Weâ€™ve already experienced the Golden Age of movies and TVsâ€”are we now in the Golden Age of Graphic Novels? In 2008, a tough year for the book industry, graphic novel (just “comics” or “picture books” to many people) sales went up 5% while most other book sales were going in the opposite direction.
Appearing more often in bookstores than niche comic stores, the Graphic Novel genre is gaining a footing with book lovers around the world. In France, graphic novels are considered to be the 9th major art genre, and in Japan a majority of the people are fans. While the United States is slower to catch on, our attitudes are moving in that direction, too.
Graphic novels are unique in that theyâ€™re almost impossible to define. Not just fiction, heart-wrenching and true stories can be told in this mix of words and text, like the award winning Maus (http://www.randomhouse.com/pantheon/graphicnovels/mauscomp.html) memoir about surviving the Holocaust.
Self-proclaimed graphic novel addict (yes, the books are her â€œdrugsâ€) Betsy Mitchell has found her niche in publishing as the Editor-in-Chief at Del Rey Books. Mitchell believes graphic novels do influence culture and in this â€œGolden Ageâ€ are being seen everywhere from the checkout counter to the silver screen. From Superman to Watchmen to The Road to Perdition, all films can also be viewed on the page in the form of graphic novels.
While graphic novels are a distinct category in publishing, theyâ€™re facing many of the same issues as other genres. The graphic novel audience is largely online and wants content available on the screen. E-readers arenâ€™t an issue at this point, since there is no color option and poor image capabilities, but piracy is a problem. Also, while trendy and increasing in sales, the titles are still expensive to produce, with high creative and content costs of up to $600 per page. In Japan, graphic novels have been successful on cell phones, with images being sent to a cell phone one at a time. This model is something that may happen in the United States as the genre continues to gain popularity here.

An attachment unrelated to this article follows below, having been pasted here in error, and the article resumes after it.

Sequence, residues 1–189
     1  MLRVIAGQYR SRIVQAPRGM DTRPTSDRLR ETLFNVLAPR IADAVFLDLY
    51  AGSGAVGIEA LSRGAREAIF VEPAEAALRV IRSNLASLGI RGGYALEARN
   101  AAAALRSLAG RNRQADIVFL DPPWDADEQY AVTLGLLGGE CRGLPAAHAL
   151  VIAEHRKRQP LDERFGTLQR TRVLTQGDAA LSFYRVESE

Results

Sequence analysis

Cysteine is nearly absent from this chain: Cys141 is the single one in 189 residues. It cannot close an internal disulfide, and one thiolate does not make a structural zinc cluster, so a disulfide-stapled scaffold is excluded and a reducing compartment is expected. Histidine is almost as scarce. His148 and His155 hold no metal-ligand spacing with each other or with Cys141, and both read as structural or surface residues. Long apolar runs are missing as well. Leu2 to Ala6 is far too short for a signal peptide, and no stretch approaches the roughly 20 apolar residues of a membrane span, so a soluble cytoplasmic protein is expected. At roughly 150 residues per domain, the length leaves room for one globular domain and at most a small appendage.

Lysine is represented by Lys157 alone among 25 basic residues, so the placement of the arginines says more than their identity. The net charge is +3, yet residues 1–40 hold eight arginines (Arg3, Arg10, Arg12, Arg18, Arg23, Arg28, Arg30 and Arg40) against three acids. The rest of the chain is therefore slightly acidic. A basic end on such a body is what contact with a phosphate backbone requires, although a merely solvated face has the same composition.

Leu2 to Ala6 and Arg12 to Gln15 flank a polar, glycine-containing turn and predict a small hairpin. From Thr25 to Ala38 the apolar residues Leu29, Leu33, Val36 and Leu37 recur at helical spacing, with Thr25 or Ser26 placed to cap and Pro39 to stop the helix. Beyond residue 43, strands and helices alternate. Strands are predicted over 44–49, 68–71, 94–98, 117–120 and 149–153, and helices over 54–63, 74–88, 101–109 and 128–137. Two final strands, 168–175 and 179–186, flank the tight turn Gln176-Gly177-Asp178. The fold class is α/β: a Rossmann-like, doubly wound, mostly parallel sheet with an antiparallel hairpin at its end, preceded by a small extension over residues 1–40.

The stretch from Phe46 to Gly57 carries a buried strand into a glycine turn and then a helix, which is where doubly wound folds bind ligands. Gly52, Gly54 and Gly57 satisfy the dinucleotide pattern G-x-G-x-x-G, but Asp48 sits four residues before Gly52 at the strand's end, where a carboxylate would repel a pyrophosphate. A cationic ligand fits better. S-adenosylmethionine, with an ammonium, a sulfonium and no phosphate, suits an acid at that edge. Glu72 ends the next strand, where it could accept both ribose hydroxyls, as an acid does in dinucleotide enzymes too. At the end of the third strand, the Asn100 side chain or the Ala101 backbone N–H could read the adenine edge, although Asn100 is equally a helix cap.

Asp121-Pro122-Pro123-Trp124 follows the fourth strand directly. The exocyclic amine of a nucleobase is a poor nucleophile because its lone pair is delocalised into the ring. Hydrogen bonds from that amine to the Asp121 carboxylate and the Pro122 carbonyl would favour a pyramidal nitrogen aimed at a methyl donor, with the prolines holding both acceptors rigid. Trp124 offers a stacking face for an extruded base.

While the future is uncertain, graphic novels are currently a healthy genre. Librarians, often gatekeepers to content, love the genre, as it appeals to an audience that isnâ€™t always very literate. This genre allows children that donâ€™t necessarily like reading a traditional book to escape into the realm of make-believe through pictures combined with text.
Mitchell believes that everyone should give the graphic novels a try, even if youâ€™re not a traditional comic book reader. The three key titles that Mitchell believes will whet your appetite are Watchmen, Persepolis, and Maus.
Next time you find yourself wandering a bookstore waiting for something to strike you, look around for some often highly colored, unique-sized graphic novels to take home with you. Not only will you be â€˜on trend,â€™ but you may be surprised at how much you enjoy â€œpicture books,â€ aka comics or graphic novels.
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